At a Party
I am one of two
Japanese men on the island.
I have long hair and Yoshi’s is short.
He wears glasses and I don’t.
Still, many people
mix us up.
When people ask me,
“Do you make miso?”
(which Yoshi does)
Masutani's precision and openness - such a difficult combination to achieve - created these easy-to-access, yet profound (and often very funny) poems. They are poems that seem deceptively simple and yet take a lifetime to master.
Here's another example:
My fourteen-year-old daughterasked me, "Dad, do you worryabout losing our respect?""No! Not at all," I replied."That's good."She sounded relieved.In bed, I wondered what she meant.Soon a watchman in a dark costumeappeared and gazedat the lake of my consciousness,as if to preventa dragon from emerging.The watchman's earnestnessprevented me from sleepingfor a long time.
I interviewed Masutani about the book for EVENT Magazine (you can read that interview here), and was lucky enough to read at an event with him for WORD Vancouver. Still, I wanted to know more - and I suspected my students would, too. We were lucky enough to have Masutani agree to visit our (virtual) classroom at SFU's The Writer's Studio last week.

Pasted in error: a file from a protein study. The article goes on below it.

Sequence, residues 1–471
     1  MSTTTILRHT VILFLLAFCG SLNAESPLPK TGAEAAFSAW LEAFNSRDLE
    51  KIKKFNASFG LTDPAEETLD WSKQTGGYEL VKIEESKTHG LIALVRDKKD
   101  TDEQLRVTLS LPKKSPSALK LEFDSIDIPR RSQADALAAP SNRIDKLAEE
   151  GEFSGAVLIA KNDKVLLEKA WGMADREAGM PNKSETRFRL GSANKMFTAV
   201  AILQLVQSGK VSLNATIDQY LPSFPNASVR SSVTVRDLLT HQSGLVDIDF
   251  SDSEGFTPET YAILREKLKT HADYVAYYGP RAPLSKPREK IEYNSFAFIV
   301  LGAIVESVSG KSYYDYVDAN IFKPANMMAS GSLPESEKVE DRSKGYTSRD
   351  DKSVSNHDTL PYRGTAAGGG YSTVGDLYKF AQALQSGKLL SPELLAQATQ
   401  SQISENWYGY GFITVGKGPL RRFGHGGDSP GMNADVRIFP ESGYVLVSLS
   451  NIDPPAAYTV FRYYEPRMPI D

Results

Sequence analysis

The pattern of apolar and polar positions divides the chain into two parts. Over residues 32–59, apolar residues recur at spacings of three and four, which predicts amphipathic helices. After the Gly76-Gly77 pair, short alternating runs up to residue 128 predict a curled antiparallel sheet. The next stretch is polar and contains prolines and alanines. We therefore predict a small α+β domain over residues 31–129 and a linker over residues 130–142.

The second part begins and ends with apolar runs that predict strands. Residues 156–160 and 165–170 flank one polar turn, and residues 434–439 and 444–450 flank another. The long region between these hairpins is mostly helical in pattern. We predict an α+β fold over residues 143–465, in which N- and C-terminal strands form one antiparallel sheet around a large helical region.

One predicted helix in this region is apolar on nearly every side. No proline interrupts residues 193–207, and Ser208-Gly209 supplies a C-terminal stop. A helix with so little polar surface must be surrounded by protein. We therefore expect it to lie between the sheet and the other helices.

On why he writes poetry:"Most of my friends are great talkers, but I'm not, so I wrote poems instead."
On working with his family and publisher to make his book:"Making a book is a collaboration. I'm just a part of it."On the importance of writing in a writer's life:On translating his own writing into Japanese:"Life is more than just literature.""I know more than the words about these poems."
On receiving edits to his poems:"It was difficult, but I knew these are not the last poems I'll write."
As we rocked on rough wavesI said to myself, "What wouldmy mother think of medying on a sailboat?"I got more scared and clungto the rails, prayingin silence, leaving controlof the boat to a priestI barely knew.Finally, I said, "Is the worstover?"Cupping his hand to his ear,he smiled.I'd planned fora different kindof sailing, packingmy fluteand a book.